In memoriam: Port Vale’s WW1 heroes

In memoriam: Port Vale’s WW1 heroes

With a national period of remembrance to mark a hundred years since the start of World War One, OVF wants to pay tribute to Port Vale players who lost their lives in the conflict.

According to our research, Port Vale lost two players during World War One.

Frank Cannon

The outside-right began his career at Queens Park Rangers in 1907 and joined the Valiants in 1911. He was top-scorer in the 1911-12 season with 18 goals. He had just left the Valiants when World War One began. Cannon signed-up to fight and after joining the Bedfordshire Regiment, he moved to the Essex Regiment where he obtained the rank of Sergeant Major. His brother Frank was in the same regiment and the two served together.

On the 15th February, Cannon was killed by shrapnel shortly after the Second Battle of Ypres. Newspaper reports at the time confirmed that he perished in the general and bloody defence of the salient to the east of Ypres.

He was just about to be relieved from the front-line when he was hit. A letter from a member of his regiment stated: “He was just ready to leave the trench when several shrapnel shells burst over him, wounding him and several others.  Although his wound was rather serious – he was wounded in the back – it was quite thought he would get to England and recover, but I am sorry to say he died on his way to the dressing station about an hour after he was hit.”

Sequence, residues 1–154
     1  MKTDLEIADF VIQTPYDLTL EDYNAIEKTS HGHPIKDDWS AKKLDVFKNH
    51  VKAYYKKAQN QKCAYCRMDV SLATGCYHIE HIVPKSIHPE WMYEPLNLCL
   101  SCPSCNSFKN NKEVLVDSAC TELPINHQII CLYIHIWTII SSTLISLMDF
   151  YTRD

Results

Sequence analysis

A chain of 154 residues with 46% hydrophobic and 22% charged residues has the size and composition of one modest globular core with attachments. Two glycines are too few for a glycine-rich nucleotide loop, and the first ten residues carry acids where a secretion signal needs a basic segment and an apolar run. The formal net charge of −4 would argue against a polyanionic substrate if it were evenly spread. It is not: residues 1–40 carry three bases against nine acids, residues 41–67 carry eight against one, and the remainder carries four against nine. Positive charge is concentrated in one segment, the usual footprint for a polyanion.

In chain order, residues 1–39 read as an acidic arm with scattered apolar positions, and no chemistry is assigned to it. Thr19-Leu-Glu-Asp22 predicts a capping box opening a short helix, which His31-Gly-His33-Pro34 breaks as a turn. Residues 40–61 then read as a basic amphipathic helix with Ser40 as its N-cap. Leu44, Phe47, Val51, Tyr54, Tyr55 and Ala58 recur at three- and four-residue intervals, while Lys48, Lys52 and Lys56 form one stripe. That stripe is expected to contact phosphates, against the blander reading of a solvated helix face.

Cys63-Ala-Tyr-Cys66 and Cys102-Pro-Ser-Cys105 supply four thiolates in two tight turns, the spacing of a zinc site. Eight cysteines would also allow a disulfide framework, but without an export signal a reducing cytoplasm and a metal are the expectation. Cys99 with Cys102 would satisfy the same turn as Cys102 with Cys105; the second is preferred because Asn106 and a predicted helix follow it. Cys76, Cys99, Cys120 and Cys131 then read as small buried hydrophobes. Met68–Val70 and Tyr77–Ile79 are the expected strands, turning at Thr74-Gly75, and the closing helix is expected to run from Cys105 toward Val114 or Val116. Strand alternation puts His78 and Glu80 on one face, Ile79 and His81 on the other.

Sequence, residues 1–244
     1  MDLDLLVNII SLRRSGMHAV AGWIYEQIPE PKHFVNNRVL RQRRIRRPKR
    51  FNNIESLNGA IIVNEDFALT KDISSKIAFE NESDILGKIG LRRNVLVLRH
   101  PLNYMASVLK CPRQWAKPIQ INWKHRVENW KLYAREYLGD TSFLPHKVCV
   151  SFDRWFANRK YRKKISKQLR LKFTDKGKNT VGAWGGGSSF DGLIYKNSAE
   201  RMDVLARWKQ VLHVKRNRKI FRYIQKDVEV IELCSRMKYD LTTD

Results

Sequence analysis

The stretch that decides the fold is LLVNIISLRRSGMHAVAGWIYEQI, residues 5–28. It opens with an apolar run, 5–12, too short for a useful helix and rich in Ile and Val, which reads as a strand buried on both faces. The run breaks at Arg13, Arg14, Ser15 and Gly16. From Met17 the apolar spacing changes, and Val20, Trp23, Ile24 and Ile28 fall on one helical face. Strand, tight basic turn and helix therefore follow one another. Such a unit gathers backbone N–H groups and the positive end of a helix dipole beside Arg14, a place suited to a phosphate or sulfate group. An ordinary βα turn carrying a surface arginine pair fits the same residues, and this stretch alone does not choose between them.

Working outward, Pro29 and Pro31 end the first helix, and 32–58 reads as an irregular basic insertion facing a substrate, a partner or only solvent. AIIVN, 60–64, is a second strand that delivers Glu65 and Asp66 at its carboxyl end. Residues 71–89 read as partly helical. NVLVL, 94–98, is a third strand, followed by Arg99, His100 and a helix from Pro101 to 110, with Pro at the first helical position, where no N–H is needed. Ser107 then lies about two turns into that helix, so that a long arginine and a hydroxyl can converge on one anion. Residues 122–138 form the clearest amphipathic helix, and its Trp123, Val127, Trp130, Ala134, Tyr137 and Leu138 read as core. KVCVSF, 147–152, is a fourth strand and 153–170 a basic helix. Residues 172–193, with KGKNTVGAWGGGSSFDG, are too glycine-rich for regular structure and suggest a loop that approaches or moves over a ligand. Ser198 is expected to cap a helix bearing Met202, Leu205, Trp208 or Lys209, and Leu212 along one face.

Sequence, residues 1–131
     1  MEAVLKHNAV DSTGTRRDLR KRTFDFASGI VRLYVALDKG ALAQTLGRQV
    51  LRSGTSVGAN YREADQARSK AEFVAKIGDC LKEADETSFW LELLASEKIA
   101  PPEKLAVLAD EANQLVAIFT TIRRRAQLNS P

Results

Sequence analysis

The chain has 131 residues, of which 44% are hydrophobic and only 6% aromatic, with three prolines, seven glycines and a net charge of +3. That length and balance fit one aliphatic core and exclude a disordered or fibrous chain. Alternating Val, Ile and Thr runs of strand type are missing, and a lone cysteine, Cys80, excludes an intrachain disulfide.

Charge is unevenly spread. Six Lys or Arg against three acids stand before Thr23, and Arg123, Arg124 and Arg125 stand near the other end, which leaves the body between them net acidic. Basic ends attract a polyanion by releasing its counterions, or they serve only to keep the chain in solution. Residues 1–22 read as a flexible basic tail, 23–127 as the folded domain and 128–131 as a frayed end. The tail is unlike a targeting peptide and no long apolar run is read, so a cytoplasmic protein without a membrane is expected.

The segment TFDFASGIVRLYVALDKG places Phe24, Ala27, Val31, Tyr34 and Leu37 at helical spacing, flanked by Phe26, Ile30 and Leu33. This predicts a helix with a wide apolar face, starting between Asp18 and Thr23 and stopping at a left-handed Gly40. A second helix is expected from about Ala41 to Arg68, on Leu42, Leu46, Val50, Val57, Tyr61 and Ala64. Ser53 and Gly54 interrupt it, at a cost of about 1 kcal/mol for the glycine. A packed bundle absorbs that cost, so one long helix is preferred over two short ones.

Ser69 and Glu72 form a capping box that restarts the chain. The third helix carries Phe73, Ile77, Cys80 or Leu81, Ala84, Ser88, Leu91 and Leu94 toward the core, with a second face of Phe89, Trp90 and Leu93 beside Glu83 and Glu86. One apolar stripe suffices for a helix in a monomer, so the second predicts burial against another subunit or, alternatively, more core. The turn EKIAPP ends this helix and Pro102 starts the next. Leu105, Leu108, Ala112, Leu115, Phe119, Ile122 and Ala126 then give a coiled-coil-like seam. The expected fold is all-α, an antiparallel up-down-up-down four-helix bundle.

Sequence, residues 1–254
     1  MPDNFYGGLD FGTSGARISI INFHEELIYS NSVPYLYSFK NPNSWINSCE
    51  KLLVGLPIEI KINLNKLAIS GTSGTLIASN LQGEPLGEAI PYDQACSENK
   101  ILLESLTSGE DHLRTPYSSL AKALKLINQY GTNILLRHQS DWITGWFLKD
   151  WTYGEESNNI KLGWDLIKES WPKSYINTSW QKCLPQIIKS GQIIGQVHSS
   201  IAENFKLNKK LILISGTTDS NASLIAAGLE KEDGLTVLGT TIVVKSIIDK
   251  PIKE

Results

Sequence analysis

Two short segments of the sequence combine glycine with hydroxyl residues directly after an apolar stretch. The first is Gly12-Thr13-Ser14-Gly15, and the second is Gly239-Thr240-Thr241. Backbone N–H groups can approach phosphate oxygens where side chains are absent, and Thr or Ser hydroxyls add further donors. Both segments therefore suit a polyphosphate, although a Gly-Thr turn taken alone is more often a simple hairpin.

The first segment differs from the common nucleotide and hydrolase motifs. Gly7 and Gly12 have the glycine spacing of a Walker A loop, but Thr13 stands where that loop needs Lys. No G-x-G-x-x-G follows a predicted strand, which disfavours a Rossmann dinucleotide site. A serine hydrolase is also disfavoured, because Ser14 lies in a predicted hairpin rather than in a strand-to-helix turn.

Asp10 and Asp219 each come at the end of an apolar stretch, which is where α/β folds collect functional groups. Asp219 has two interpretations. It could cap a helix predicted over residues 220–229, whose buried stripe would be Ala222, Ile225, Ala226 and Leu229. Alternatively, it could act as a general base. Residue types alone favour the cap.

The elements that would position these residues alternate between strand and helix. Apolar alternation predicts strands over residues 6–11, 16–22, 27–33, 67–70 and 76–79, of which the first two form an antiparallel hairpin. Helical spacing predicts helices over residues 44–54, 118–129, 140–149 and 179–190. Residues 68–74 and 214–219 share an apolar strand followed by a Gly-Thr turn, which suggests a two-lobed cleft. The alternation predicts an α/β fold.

He was 32 years old and he left behind his wife Violet and three children.

He is buried in Potijze in Belgium.

 

John (Jack) Shelton

John had won the FA Cup final while playing for homeside Wolves and joined the Valiants along with his younger brother George. Like Cannon, he also joined the Vale in 1911 and had played over 100 games for the club when he was conscripted in the summer of 1917 and served with the Lincolnshire regiment.

Shelton lost his life on the 7th September 1918, just two months before the war ended. Our research indicates that he was killed during the Battle of Epehy during which British troops recaptured the village from the German forces.

He is buried in the Epehy Wood Farm Cemetery. He was 34 years old.

Other Vale casualties

Inside-forward Alf Smith was seriously wounded and never played football again while Bob Blood also suffered from several injuries caused by enemy bullets. Despite being told by doctors that he would never play again, Blood played for the club until 1921.

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The Ode of Remembrance

They shall grow not old, as we that are left grow old:
Age shall not weary them, nor the years condemn.
At the going down of the sun and in the morning
We will remember them

When you go home tell them of us and say –
For your tomorrow we gave our today

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OVF would like to acknowledge the following sources that were invaluable in the research of this feature:

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